“This is the best of me […] this, if anything of mine, is worth your memory”. Thus Elgar inscribed a quotation from John Ruskin on the final page of the manuscript of the score of The Dream of Gerontius. If Noël Coward quipped about the potency of cheap music, it is not surprising that deeply spiritual music should be triply potent. And it doesn’t come much deeper or spiritually engaging as this oratorio.

It is a setting of Cardinal Newman’s poem of the same name to music, and while the theology behind it is overtly catholic, the emotions and themes it unearths are universal. Divided into two parts, the first half tells the story of an old man on his deathbed and his fears about the afterlife. The second stage depicts the particular judgement of the man’s soul as he is led to purgatory.

Like Gerontius’ angel, we were in safe hands with Gerhard Markson, a former principal conductor of the RTÉ National Symphony Orchestra. Meticulous, ever eager to plumb the depths of the music, he brought intensity and dramatic pacing to the music that prevented it from becoming clunky or from being weighed down by its own religiosity.

The prelude rumbled with foreboding swelling to thunderous climaxes. If at times the brass was too intrusive on the tapestry of sound, the sonic boom of the judgement call at the end of the oratorio on the trumpets was truly and appropriately shocking. Markson elicited some delectable wisps of sound in the Sanctis fortis and the opening of the “Praise to the holiest in the height” wafted heaven-wards. Keeping the rhythm taut, the counterpoint of the chorus of demons crackled with energy.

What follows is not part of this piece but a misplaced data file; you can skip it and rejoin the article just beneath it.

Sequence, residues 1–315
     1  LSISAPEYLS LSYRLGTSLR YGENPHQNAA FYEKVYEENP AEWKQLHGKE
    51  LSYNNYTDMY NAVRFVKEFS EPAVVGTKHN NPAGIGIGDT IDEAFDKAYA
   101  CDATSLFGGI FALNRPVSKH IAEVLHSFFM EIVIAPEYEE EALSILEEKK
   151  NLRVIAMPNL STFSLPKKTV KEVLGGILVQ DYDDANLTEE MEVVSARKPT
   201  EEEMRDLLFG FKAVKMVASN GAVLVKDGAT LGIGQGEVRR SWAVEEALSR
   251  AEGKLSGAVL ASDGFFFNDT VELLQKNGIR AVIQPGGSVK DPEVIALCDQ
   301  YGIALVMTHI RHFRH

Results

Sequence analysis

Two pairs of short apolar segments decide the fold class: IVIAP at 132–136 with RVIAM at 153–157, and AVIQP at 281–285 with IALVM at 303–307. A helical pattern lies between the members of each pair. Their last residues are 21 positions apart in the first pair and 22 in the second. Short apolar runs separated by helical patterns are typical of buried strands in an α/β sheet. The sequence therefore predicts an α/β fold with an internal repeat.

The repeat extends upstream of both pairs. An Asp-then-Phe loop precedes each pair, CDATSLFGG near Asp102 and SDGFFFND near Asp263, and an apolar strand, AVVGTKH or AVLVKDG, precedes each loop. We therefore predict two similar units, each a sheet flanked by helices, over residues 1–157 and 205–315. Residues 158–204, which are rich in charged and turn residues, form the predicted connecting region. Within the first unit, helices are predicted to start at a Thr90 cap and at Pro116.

The orchestra responded with alacrity too, playing their hearts out in the expressive moments and dropping their sound to match the soloists. When the Soul of Gerontius is about to go before his Maker, the ppp of the orchestra added hugely to the tension.

Tenor Mark Le Brocq stood out among the impressive trio of soloists. Possessing a tight vibrato, pellucid diction and a consistently warm sounding voice, he convincingly portrayed the gamut of emotion of Gerontius. In particular, Le Brocq conveyed the loneliness and sorrow of impending death in Sanctus fortis brilliantly, his passionate pleas to pray for his eternal repose being highly charged.

There was a gentleness and mellowness to Rebecca Afonwy-Jones’ Angel from her entry in Part Two of the oratorio. Hers is a pleasing, sweet voice that sounded at its best when the orchestra was at a low volume. The dialogue with the Soul of Gerontius was sometimes gently consoling and later on, as her voice opened up, morally eloquent. There was a spine-tingling moment as Afonwy-Jones explained about the purifying flame of “Everlasting Love”.

Completing the trio of soloists was Neal Davies whose powerful bass-baritone voice projected clearly in the first half as priest. He imbued his role as The Angel of the Agony in the second half with stately gravitas, his rich voice producing a powerful effect in his plea to Jesus to hasten the souls passage through purgatory.

The RTÉ Philharmonic Choir impressed with their finely shaped phrasing and imaginative use of dynamics. Their sinister laughs had a demonic ring to it while the contrapuntal lines of “O loving wisdom” of the choir of angelicals rang out clearly. If one was to quibble, I found it a tad difficult to make out all the words though this was not too unsurprising given the size of the choir. The oratorio’s final “Praise to the Holiest” was like the sigh of a prayer, peace emanating forth and hovering in the silence for what must have been close to two minutes at the end. "The rest is silence".